TELECOM Digest OnLine - Sorted: Suit Against My Space Dismissed by Texas Court

Suit Against My Space Dismissed by Texas Court

Reuters News Wire (
Wed, 14 Feb 2007 22:54:15 -0600

News Corp.'s MySpace said on Wednesday a federal court dismissed a
negligence lawsuit filed by the family of a teenage girl who was
sexually assaulted by someone she met on the popular Internet social

Judge Sam Sparks of the U.S. District Court for the Western district
of Texas granted MySpace's motion to dismiss the charges of
negligence, fraud and negligent misrepresentation.

The high profile suit was filed last year by the family of the Austin,
Texas girl, who was attacked by a 19-year-old man she met on the Web

The suit and reports of other victims of predators made the popular
service a target of child protection advocates. MySpace users share
information about their lives by posting photos, blogs and videos.

In dismissing the suit, Judge Sparks said that as an "interactive
service," MySpace was protected from materials posted on its site by
the Communications Decency Act (CDA) of 1996. Sparks explained that
the CDA is aimed at allowing Internet and other interactive services
to continue to develop.

"To ensure that Web site operators and other interactive computer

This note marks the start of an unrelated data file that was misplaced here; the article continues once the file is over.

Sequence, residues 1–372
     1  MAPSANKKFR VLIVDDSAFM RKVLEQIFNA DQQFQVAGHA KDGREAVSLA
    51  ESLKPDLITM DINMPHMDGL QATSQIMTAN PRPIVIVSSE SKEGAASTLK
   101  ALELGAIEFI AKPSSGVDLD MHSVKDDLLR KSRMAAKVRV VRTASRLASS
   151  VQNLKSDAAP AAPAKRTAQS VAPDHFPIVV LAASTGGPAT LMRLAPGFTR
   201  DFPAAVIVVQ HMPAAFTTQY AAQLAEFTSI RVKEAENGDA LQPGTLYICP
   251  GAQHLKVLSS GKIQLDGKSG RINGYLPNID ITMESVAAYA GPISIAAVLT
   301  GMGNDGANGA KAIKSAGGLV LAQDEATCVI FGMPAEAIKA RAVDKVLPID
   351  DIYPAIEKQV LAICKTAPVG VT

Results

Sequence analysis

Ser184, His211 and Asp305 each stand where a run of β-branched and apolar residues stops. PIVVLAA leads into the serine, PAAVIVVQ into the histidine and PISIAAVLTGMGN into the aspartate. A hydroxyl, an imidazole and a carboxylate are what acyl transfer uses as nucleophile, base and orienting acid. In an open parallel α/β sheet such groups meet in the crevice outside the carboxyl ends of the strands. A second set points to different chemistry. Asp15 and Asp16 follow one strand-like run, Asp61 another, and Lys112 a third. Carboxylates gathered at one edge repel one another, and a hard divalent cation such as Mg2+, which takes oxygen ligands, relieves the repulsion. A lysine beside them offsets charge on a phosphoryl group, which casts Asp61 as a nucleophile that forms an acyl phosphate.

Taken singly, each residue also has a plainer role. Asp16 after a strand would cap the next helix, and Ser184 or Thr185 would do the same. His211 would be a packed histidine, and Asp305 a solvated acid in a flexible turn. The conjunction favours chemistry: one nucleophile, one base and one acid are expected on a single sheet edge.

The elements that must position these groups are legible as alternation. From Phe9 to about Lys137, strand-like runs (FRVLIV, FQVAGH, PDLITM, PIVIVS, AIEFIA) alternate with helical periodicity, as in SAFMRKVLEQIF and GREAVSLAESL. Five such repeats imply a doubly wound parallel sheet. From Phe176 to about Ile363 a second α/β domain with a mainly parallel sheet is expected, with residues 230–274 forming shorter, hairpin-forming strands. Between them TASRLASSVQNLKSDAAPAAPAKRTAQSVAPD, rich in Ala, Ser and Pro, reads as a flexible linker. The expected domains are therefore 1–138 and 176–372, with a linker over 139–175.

services would not be crippled by lawsuits arising out of third party
communications, the Act provides interactive computer services with
immunity," Sparks' ruling said.

Sparks noted also that the girl lied about her age, posing as an
18-year-old when she was only 13, and registered for an account.
MySpace's minimum age requirement is 14. The girl's name was not
divulged because of her age.

Adam Loewy, a partner in Austin-based law firm Barry & Loewy LLP, who
represented the family, said they planned to appeal the dismissal of
the negligence charge and to refile charges of fraud and
misrepresentation in a different court "in the very near future."

"We intend to fully prevail in this litigation," Loewy told Reuters in
a phone interview.

MySpace separately faces several other lawsuits filed in state court
in Los Angeles by families of teenage girl victims of predators they
met on the service.

Carl Tobias, a law professor at the University of Richmond, said the
ruling could be "persuasive" to the remaining suits, which were filed
in state court. But Sparks' decision in federal court would not be

Family protection groups have criticized MySpace, saying the Rupert
Murdoch-controlled company had failed to provide safeguards such as
age verification rules to protect its large group of teen users.

Copyright 2007 Reuters Limited

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